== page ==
ElementFe is my trade name for the Guemes Island blacksmith shop; designing, forging, and building handcrafted forged steel and iron furniture, gates, railings, candlesticks, spoons, kitchenware and all manner of repair and fabrication.

Saturday, September 19, 2009

The gate brought a nice price to the "Save The Mountain" preservation effort, and someone got a good deal on a lovely piece of iron!
Here are the Guemes Girls all dolled up, and auctioneer Bud Ashbach doing his thing.

The railing project on Orcas is rolling along, here's son Joe checking alignment on some of the 200+ feet of railing- this will be filled in with panels (see earlier post) and topped with a brass handrail.
Also, talking over fine points with the architect/designer.

Saturday, September 12, 2009

The neighborhood pub bought oh-so-inexpensive chairs from China, only to find that they have a bad habit of collapsing unexpectedly.
I was hired to develop an alternative, and to my surprise they liked the Modern design that I'd been playing with. Here are the first four chairs for the Brown Lantern!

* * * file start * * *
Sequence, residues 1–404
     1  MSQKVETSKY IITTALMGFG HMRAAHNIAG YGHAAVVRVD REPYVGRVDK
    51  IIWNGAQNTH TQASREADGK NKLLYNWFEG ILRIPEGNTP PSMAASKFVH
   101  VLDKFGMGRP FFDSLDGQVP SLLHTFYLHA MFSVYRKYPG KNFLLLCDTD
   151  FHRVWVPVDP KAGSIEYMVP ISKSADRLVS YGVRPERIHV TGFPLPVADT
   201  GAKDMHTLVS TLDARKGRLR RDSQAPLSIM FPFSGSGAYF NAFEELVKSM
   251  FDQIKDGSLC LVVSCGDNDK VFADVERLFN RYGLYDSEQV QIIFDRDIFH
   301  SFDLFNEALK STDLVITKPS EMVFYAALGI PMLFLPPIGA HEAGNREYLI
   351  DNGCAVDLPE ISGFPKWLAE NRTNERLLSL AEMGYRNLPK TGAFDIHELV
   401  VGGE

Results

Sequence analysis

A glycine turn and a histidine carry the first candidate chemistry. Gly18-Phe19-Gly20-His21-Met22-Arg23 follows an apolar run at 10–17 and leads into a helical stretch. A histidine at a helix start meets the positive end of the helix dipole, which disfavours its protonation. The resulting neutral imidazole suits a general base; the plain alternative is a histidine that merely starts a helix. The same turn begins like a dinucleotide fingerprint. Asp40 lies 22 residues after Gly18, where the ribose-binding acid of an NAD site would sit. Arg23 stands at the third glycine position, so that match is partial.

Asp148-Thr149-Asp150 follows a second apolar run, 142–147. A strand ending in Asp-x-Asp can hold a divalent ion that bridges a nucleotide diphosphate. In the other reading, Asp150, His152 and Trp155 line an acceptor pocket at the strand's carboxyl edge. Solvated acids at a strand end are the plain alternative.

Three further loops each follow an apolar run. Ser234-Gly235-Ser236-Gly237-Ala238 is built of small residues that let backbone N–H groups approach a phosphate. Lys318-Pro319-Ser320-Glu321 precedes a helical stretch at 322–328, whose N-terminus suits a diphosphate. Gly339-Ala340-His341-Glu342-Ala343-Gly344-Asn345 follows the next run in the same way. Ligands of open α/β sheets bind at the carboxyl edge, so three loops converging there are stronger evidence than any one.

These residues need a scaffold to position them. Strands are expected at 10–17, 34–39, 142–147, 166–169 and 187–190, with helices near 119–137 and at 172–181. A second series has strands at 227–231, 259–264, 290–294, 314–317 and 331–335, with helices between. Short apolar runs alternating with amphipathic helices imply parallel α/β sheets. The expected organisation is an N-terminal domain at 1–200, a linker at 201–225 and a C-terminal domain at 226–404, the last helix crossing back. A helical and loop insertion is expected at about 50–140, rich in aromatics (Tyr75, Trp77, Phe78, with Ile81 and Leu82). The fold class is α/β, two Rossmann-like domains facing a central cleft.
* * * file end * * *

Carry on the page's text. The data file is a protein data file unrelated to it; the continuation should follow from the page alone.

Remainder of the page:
Hard to see the finished chairs, but the seat is wooden, and the back is naugahide and cushy.

This fountain developed from an idea that local glassblower Jose Hinojosa had about some of his flawed vessels. Looking at them he realized that we're ALL flawed vessels, and that we need to be constantly replenished by wonderfulness flowing in.
It took me some time to find a conceptual framework that would house this, but in this sculpture I've added that we like to have a benevolent source of inspiration, perhaps in human form, and that we lean together as a group to drink.
First, I made a basic form from cardboard, since it's difficult to visualize a 3-D form folded out to a flat surface. The 1/4" stainless steel plate was then cut and rough ground, then I modified a hydraulic press and my son and I formed it bit by bit.

Sharon's husband was quite a sailor, from manning a destroyer in the Big War to small boats on the Sound.
With this in mind I worked out a design that celebrates sailing in the channel below their house.
An interesting feature of this one is that she asked me to stamp a dedication on the bottom of the bottom rail of the swinging gate (side with the boat). It reminds me of Himalayan prayer wheels, where everyone who passes by gives it a whirl, releasing prayers out into creation.

Wednesday, September 02, 2009

A gate inspired by the logo from the fundraising campaign to put the highest point on our island in a permanent preservation trust status.
This will be auctioned off in September as part of the fund raising effort.
Also pictured are the wonderful t-shirts from the project.